We spent the evening with “Aunt Alice”, the biggest Canadiens cheerleader…at 96 years old

“When the Canadian lost in overtime, I heard people say if they play like that all year they’ll make the playoffs. But let’s see, that’s impossible. You have to be patient with all young people! The trophy is in a few years.”

This sentence does not come from the mouth of a late-night talk show panelist, columnist or Martin St-Louis.

No, the one who says it is “Aunt Alice”, who at the age of 96 is perhaps the Canadian woman’s biggest fan.

The one who watches hockey the most

“I must be the person in Quebec who watches hockey the most. I just have to get this done!” says the kind lady, laughing.

We went to see her last Tuesday, at her lovely home in Thetford Mines where she lives alone, steady on her feet, even though her centenary is approaching.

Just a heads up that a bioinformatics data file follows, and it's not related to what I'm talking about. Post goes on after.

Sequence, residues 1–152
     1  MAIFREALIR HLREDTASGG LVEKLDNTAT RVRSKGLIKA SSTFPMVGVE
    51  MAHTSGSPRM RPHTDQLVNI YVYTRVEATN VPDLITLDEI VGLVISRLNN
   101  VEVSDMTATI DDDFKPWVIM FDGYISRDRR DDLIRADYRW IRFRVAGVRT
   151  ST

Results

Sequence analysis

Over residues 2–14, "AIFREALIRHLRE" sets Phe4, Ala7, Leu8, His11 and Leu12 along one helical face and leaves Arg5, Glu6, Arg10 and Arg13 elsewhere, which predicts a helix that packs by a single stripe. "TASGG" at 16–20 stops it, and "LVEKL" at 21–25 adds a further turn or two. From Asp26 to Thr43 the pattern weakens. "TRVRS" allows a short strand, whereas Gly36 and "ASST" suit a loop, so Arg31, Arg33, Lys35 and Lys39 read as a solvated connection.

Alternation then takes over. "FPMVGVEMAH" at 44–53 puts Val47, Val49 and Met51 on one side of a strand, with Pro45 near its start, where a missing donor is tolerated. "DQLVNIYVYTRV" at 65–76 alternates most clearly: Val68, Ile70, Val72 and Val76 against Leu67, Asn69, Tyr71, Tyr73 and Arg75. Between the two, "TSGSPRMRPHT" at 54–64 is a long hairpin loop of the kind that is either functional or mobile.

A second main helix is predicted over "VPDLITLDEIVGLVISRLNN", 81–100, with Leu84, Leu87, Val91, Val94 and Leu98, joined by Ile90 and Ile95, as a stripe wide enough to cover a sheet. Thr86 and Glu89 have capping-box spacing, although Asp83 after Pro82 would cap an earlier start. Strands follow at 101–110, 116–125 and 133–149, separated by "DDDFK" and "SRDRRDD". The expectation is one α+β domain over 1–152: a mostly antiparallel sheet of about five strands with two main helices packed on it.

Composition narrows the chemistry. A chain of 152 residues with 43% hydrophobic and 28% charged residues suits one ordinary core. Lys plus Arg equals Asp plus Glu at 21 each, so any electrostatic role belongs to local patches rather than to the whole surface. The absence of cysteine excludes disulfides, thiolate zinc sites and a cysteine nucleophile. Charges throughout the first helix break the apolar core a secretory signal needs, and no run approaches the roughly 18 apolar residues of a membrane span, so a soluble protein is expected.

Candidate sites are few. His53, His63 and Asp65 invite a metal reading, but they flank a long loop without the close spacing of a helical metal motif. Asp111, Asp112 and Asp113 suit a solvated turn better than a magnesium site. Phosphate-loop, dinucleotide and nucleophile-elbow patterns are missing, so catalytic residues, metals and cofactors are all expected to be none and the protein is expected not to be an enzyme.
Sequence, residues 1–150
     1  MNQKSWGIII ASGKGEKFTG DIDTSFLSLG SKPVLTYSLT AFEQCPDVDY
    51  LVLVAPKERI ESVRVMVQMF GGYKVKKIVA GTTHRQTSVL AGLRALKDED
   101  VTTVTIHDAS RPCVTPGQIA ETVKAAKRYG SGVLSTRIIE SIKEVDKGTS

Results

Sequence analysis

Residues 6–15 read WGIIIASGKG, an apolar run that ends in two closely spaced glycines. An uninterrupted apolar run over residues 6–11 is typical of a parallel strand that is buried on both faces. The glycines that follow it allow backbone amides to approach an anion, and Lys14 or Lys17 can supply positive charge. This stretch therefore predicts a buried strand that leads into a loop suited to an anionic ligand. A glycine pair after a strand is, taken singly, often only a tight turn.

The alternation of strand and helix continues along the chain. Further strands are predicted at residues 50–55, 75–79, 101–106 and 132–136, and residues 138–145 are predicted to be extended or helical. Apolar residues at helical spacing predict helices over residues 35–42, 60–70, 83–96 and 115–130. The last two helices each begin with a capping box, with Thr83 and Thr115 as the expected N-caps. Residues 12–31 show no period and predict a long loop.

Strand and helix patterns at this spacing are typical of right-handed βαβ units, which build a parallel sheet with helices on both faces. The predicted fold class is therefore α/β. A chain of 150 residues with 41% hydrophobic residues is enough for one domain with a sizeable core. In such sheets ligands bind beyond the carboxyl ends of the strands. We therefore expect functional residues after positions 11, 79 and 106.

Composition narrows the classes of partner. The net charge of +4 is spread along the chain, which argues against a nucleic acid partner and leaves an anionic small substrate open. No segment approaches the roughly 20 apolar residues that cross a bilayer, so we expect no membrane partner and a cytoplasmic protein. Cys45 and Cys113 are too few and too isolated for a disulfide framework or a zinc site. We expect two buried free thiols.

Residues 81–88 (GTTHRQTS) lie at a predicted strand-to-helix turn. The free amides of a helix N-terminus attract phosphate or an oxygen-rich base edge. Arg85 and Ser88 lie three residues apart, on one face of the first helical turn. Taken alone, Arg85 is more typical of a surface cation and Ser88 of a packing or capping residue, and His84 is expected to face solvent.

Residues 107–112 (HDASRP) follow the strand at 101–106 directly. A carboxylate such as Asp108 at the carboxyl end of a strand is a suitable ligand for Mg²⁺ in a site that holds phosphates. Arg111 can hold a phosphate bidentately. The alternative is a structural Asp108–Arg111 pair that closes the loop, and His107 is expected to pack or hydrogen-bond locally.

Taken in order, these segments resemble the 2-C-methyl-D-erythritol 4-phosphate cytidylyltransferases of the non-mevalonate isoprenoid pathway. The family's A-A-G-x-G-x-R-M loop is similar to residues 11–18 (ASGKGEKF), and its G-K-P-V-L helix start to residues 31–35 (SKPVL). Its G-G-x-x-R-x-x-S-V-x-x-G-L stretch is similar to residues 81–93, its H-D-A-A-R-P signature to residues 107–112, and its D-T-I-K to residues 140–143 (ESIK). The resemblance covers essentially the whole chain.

It’s the idea of ​​her nieces, Raymonda and Lucette, who were amazed to learn how their aunt Alice, the one who almost never misses a Canadiens game, sets up her winter evenings.

“Except when I have visitors, I don’t want to be stupid!” however, specifies Alice Labonté.

When we arrived, an hour before the game against the Tampa Bay Lightning, Mme Labonté is in deep discussion with his daughter Thérèse.

Gallagher calms down, Slafkovsky in Laval

The program includes performances by Brendan Gallagher. Like many other “analysts”, “Aunt Alice” is calmed by the game of a persistent attacker.

But one concern remains: “If he gets injured again…” he fears.

She is also not impressed with the performance of Juraj Slafkovski, even though the first choice finally scored a few days earlier.

“I saw him talking about his goal, as if it was normal. But it’s been a while since he scored.”

“I think you should go to Laval.”

At the age of 96, Alice Labonté doesn’t miss many Canadiens games, she listens to them at her home in Thetford Mines, where she lives alone.

Photo by Jessica Lapinski

She misses her Arthur

We sit at the table where Alice Labonté places a plate decorated with fruit, vegetables and pâté. In the corner of the kitchen there is a stove, which was installed there the same year as its owner, 1951.